Whoa, back off! I wasn't at all attacking your comment, or your argument. I was talking about that organization's complaints about the line. I agree that people should read the actual site instead of just basing their arguments on the description. I was just trying to point out the obvious ignorance of their assessment of the set. Attacking me for that is totally out of line. Yeah, I am a fanboy, as charged, as are the majority of members on this site. Is that any reason to start hurling insults at me? Maybe I could have used a different emoticon; but unfortunately Eurobricks doesn't have any sort of facepalm or headdesk or similar emoticon to express exhaustion at having to repeat the same argument all over again. I haven't done anything to you, so for god's sake, take a chill pill.

I could agree that fashion and makeup and things, taken too far by kids, is a bad thing. But there are a lot of girls who have that interest nonetheless. And faced with the choice of reframing their view of those interests or sticking with them, they're going to stick with them, and if it means buying Bratz or Disney Princess toys instead of Lego, well, that's what they're going to do. I personally think, as a Lego fan, that giving those girls a creative outlet in the form of Lego is a small step in the right direction. Compared to the alternatives the girls who are drawn to makeup and fashion will have (Bratz, Barbie, Disney Princesses, etc.), the Friends beauty salon is liable to have the greatest positive effect on a young girl's mind. And it could easily serve as the "gateway drug" to less stereotypical sets like the robot lab or the karate dojo.

This "award" ignores those positive attributes of the theme, and repeats the same slanders against it that originated at the beginning of next year. It doesn't involve building! Well, yes it does, especially compared to Belville, Clikits, and Scala before it. The minidolls are sexualized! No they're not, these people are seeing boobs and hips where the minidolls really just have more human proportions than the classic minifig. They may have a point about the issues with the Beauty Salon in particular presenting beauty as the feminine ideal. But that point is buried under so many misrepresentations and outright lies about the theme as a whole that it's hard to take anything they say seriously.

P.S.: The chinese plastic is as overblown a manufactured scandal as the Friends theme. I have been hugely supportive of Lego's efforts to reach young girls, realizing that that's probably the best chance the AFOL community has of someday being less of a sausage-fest. I don't think Friends is perfect by any stretch of the imagination, but it's a step in the right direction for Lego and, I believe, for society at large. Lego has already succeeded at teaching backwards-thinking retailers that girls can enjoy building toys too, which is a huge leap forward from the days of Belville and Scala, which could hardly be found anywhere besides Lego Shop at Home catalog.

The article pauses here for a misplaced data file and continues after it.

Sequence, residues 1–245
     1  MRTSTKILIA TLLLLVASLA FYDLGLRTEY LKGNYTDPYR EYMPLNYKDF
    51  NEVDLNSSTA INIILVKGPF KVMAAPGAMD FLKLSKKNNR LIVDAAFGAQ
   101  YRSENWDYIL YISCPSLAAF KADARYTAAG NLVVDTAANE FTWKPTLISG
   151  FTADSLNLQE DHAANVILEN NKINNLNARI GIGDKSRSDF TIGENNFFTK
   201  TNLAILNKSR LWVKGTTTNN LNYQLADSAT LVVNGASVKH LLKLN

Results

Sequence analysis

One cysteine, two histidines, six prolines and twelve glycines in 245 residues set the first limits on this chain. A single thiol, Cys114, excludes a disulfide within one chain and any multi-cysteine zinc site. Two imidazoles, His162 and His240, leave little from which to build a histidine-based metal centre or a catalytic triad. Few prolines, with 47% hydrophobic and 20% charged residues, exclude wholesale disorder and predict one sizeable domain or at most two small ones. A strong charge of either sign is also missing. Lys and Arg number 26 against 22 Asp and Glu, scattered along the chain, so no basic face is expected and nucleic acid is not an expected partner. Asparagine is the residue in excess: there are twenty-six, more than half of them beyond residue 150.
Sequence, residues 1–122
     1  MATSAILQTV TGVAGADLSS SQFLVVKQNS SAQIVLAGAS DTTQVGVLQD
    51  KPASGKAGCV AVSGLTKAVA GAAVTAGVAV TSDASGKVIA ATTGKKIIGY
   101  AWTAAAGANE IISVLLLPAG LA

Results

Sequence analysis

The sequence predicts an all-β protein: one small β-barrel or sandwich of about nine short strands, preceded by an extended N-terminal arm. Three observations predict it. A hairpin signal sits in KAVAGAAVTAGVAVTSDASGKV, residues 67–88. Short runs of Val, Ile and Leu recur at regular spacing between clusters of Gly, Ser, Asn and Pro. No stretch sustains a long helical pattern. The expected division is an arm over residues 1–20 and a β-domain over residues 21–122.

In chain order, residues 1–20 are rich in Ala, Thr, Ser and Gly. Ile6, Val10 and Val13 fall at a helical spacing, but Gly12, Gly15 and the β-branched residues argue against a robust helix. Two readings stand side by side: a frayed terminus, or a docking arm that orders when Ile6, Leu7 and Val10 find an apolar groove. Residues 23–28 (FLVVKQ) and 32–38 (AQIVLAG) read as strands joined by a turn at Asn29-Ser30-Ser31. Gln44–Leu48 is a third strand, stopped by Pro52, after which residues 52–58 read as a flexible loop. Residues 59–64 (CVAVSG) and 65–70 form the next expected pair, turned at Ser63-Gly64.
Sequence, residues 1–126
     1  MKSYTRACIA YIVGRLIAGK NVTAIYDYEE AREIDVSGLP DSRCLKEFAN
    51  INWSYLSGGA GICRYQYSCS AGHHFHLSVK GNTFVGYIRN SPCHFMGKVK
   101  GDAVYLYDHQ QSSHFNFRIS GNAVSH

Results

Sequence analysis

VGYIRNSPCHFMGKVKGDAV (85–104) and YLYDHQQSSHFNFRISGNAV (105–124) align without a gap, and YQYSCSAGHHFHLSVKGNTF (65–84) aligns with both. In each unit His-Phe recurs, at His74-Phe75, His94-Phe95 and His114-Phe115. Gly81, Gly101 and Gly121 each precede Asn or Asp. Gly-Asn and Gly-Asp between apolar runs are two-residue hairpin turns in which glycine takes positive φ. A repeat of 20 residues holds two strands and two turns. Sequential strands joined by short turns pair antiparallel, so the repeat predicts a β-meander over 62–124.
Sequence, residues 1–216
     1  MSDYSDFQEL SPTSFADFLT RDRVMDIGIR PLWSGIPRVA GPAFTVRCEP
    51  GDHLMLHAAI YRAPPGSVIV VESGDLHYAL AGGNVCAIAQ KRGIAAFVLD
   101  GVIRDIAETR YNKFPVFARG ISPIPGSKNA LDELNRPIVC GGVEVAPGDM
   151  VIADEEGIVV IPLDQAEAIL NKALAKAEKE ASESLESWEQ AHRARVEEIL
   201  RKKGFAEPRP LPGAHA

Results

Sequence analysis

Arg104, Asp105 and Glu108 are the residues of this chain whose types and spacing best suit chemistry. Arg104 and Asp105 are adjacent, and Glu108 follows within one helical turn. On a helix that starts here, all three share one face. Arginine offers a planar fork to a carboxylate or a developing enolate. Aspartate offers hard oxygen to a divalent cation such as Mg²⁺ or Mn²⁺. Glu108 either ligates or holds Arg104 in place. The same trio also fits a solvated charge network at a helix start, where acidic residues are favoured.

Edited by Lyichir, 03 December 2012 - 12:36 AM.


#592 SheepEater

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Posted 07 December 2012 - 06:47 AM

The City Park cafe wins best toy award in La Presse newspaper (Quebec province, canada)

http://www.lapresse....1#Slide-0-box-0

#593 Aanchir

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Posted 07 December 2012 - 12:46 PM

View PostSheepEater, on 07 December 2012 - 06:47 AM, said:

The City Park cafe wins best toy award in La Presse newspaper (Quebec province, canada)

http://www.lapresse....1#Slide-0-box-0
Very neat to hear, but since this article really doesn't touch on the controversy surrounding the theme it might have been better to post in the Friends 2012 discussion topic. It is neat to see LEGO Friends on a "best toys of 2012" list, not just a "best toys for girls" list.

#594 Blondie-Wan

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Posted 07 December 2012 - 01:04 PM

View PostAanchir, on 07 December 2012 - 12:46 PM, said:

Very neat to hear, but since this article really doesn't touch on the controversy surrounding the theme it might have been better to post in the Friends 2012 discussion topic. It is neat to see LEGO Friends on a "best toys of 2012" list, not just a "best toys for girls" list.